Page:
Brett happens

All wine, most of the time

Torrette syndrome

with 4 comments

(Pardon the pun. I made it so Nick won’t have to.)

The next Prince Edward County post won’t be up for another day or two. In the meantime, here’s a note on an obscurity.

Vallée d’Aosta 2010, Torrette, Grosjean Frères ($25.55, 11660645)
The Aosta Valley is the narrow alpine corridor that connects northwest Italy to France over the St. Bernard pass and, these days, through the Mont Blanc tunnel. Torrette is one of several areas within the larger, but still small, Valle d’Aosta DOC. Torrette wines must be at least 70% Petit Rouge but may also contain Gamay, Dolcetto, Pinot Noir and/or any of several local red grape varieties. At a minimum, Torrette must reach 11% ABV and be aged six months (12% ABV and eight months in oak for Torrette Superiore). Grosjean’s version is 80% Petit Rouge and 20% Vien de Nus, Fumin and Cornalin, all from vines planted between 1975 and 1995. The grapes were destemmed, then macerated on their skins for seven or eight days, with pumping over three times a day. Maturation took place in stainless steel vats. This is stoppered with a plastic cork and clocks in at 12.5% ABV.
Odd nose: dried cherries, leaf mould and earth until you swirl, then dried blood and a hint of vinegary fish sauce. Medium bodied and dry. Not very tannic, though the understated fruit does nothing to hide the fine tannins, meaning there’s an astringent undertow that lingers long.  Light, supple, sweet cherry quickly fades to a tart, faintly bitter finish with leaf tea and dried wood notes.

Pricey for what it delivers today. Torrettes are said to improve with up to ten years of cellaring, but you wouldn’t want to test that claim when the closure is a syncork.

This goes well with charcuterie, including lightly smoked meats. The winemaker also recommends it as a pairing for Valdostan “soups,”*  a role I can see it playing supremely well.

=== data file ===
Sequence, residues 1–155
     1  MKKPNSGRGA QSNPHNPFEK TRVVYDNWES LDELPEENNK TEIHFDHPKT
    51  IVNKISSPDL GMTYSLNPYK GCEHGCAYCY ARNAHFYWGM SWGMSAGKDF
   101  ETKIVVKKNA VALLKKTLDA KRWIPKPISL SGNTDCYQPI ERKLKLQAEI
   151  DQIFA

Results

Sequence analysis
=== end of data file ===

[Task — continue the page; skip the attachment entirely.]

*For example: In a baking dish, alternate layers of sliced, butter-toasted country or black bread, Savoy cabbage braised with onion, and slices of fontina cheese. Ladle meat broth over. Top with grated Parmigiano-Reggiano and a little nutmeg, if you like. Bake in a medium oven until the cheese melts.

Written by carswell

July 19, 2012 at 15:21

4 Responses

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  1. You should’ve done this sooner to stop me from making the pun and then the mistake of thinking this AOC typically produces something much more mineral, direct and gulpable than this — something more like the first Torrette I tried called Les Crêtes:
    I hope it mellows over time so I don’t detect the woodiness as much, but I don’t have any more anyway.

    weingolb (@weingolb)

    July 19, 2012 at 20:02

    • Hadn’t heard you making it, unlike Nick, who couldn’t stop himself after his first encounter with Gravillas’s puntastic “Emmenez-moi au bout du Terret” (100% Terret Gris).

      I too was expecting the Torrette to be lighter, more Beaujolais-like. Have half a bottle left and will report back if extended decanting has effected any noteworthy changes. That said, my main issue with the wine is its price or rather, when excellent Mondeuses can be had for several dollars less, its QPR. At least it’s nothing like the horror show that is Castorani’s Mille Pendii from nearby Chambave.


      July 20, 2012 at 16:25

    • Polished it off last night. Forty-eight hours after being poured into a half-bottle, gassed, recorked and refrigerated, the wine had smoothed and rounded a little. The vinegar/fish sauce had all but disappeared, the fruit was more forward, the woodiness had become a background note and some dark minerals had appeared. The changes were minor – I stand by my original impressions – but maybe sufficient to convince me to buy another bottle to keep until the cool weather arrives and I can make some zuppa valdostana. The VFS, however faint, also has me wondering whether my first bottle was slightly off, a question a second bottle might answer.


      July 21, 2012 at 09:36

      • Thanks. I’d add that my bottle definitely had some umami happening too. VFS, it’s a feature, I suppose?

        weingolb (@weingolb)

        July 21, 2012 at 09:48

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